Some Goals for You

This course will provide you with a new view of the world. For the rest of your life you will carry a special perspective that only an understanding of geology can provide. A geology course can make you a better member of your community because you will understand your home planet, you will know how to avoid natural hazards, you will know how to sustain natural resources, you will understand that global warming is real, you will become an informed voter, and you will improve your critical thinking skills.

Earth is the product of billions of years during which geologic processes have carved the land, mixed the seas and air, and shifted the continents—and continue to do so.

All life on Earth is the product of natural selection. Preserving biodiversity and natural habitats is critical to the continuation of Earth’s natural resources. Natural resources are geologically renewed but humans use resources faster than they can be naturally renewed. Today humans use 1.5 Earths; that is, the resources we use in 1 year, will take 1.5 years to replace. In the U.S. we use 5 Earths. This is not sustainable.
To ensure that heavily used resources are still here for future generations means that we must ultimately find alternative resources, augment the rate of natural renewal, or reduce our rate of consumption (or all the above).  This is can lead to sustainability.
Regardless of your lifework, the science of geology can provide you with a level of awareness that will serve you in your career, your personal life, and your role as a community member of planet Earth. Here are 5 “Enduring Understandings” of geology that serve as semester-long learning goals.

1. The study of Earth encompasses a vast range of time and space. Geologists study nature from the length of the Solar System (trillions of kilometers) to the bonding of atoms (0.00000001 centimeters). We stretch our minds to understand the megascopic to the microscopic. Massive planets are constructed of the smallest minerals. Eons of time consist of long periods of slow and gradual change punctuated by short intervals of sudden violent convulsions in nature (i.e., earthquakes, floods, landslides). This immense span of time and space is one of the fundamental characteristics of the geological sciences.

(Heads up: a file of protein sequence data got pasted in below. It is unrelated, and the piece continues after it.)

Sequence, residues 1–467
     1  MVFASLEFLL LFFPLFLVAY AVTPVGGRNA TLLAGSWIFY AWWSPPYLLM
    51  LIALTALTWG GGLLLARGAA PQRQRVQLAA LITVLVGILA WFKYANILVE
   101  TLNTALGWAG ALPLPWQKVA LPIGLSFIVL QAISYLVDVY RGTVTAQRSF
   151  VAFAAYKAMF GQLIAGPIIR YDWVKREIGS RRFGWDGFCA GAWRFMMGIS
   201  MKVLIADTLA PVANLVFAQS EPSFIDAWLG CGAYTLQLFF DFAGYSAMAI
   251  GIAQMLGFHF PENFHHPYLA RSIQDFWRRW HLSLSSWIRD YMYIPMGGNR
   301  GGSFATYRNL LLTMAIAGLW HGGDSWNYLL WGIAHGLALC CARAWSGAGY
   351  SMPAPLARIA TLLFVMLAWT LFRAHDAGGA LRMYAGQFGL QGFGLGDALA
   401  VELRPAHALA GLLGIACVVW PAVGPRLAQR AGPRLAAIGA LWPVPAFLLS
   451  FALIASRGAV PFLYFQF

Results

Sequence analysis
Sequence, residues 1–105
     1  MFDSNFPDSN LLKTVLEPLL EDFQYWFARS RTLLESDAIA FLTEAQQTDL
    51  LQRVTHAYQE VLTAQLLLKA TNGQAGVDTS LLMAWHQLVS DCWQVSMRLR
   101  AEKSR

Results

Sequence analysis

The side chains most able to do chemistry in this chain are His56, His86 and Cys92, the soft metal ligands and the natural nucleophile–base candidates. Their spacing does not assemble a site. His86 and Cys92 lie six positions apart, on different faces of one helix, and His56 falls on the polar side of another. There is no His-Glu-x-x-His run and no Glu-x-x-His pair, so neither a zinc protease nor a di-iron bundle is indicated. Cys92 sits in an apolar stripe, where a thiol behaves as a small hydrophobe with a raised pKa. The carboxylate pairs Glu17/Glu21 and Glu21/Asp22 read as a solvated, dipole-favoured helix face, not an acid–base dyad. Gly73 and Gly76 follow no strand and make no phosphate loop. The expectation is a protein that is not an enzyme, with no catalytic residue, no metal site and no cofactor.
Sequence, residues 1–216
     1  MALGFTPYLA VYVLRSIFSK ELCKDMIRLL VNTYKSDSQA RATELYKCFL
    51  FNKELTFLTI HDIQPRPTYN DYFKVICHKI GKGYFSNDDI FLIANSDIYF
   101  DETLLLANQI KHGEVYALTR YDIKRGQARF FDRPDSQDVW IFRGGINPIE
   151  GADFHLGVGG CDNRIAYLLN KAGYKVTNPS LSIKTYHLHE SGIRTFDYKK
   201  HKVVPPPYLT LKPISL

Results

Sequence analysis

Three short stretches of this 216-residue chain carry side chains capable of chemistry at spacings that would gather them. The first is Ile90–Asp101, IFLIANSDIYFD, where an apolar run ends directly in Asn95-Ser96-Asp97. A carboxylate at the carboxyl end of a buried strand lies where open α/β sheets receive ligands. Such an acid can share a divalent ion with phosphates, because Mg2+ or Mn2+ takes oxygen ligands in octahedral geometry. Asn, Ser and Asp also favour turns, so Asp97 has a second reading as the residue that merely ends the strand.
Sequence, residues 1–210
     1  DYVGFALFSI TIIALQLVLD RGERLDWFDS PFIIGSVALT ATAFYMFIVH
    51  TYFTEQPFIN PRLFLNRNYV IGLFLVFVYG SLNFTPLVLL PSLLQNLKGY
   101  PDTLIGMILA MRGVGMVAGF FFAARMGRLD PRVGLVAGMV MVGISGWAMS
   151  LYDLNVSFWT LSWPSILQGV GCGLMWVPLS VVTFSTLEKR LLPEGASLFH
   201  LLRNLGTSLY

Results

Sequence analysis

2. Plate tectonics controls the geology of Earth’s surface. The theory of plate tectonics has far reaching implications for the organization of the planet and its history. As plates move they perpetually change the way our planet looks. Mountain ranges rise when plates collide only to be worn by erosion down to the sea. Ocean basins open and close as continents rift and collide again. Nearly every aspect of geology is related to how plates interact and change through time.
3. Geologic systems are the product of interactions between solid Earth, oceans, atmosphere, and living organisms. Earth is organized into overlapping geologic systems that influence and react to each other. Geologic systems consist of interdependent materials (such as rocks, sediments, organic compounds, and water) that interact with natural physical and chemical processes. In a broad sense, these interactions occur because solar energy, geothermal energy, and gravitational energy are at work mixing the air, ocean, and solid Earth.
4. Change is ever present and accumulates over vast time. Humans are powerful agents of change. You live upon an ancient and restless landscape that is changing under your feet. All forms of life have evolved partially in response to geologic change over time. Today’s Earth is the product of both gradual and instantaneous change accumulating over 4.6 billion years. Hence, our planet looked very different in the past and it will look different in the future.
5. Rocks and sediments are pages in the book of Earth history. Geologists read the story of past events in the crust and piece together the history of the restless planet. These materials teach us that Earth is very old, that evolution is responsible for life’s incredible diversity, that ever-present change is a characteristic of geologic systems, and that geologic processes operate on an immense stage of time and space.

The Department of Geology and Geophysics has established the following undergraduate student learning objectives. Keep especially objectives 1, 3, and 5 in mind as overarching targets of our curriculum in GG101.

  • Students can explain the relevance of geology and geophysics to human needs, including those appropriate to Hawaii, and be able to discuss issues related to geology and its impact on society and planet Earth.
  • Students can apply technical knowledge of relevant computer applications, laboratory methods, and field methods to solve real-world problems in geology and geophysics.
  • Students use the scientific method to define, critically analyze, and solve a problem in earth science.
  • Students can reconstruct, clearly and ethically, geological knowledge in both oral presentations and written reports.
  • Students can evaluate, interpret, and summarize the basic principles of geology and geophysics, including the fundamental tenets of the sub-disciplines, and their context in relationship to other core sciences, to explain complex phenomena in geology and geophysics.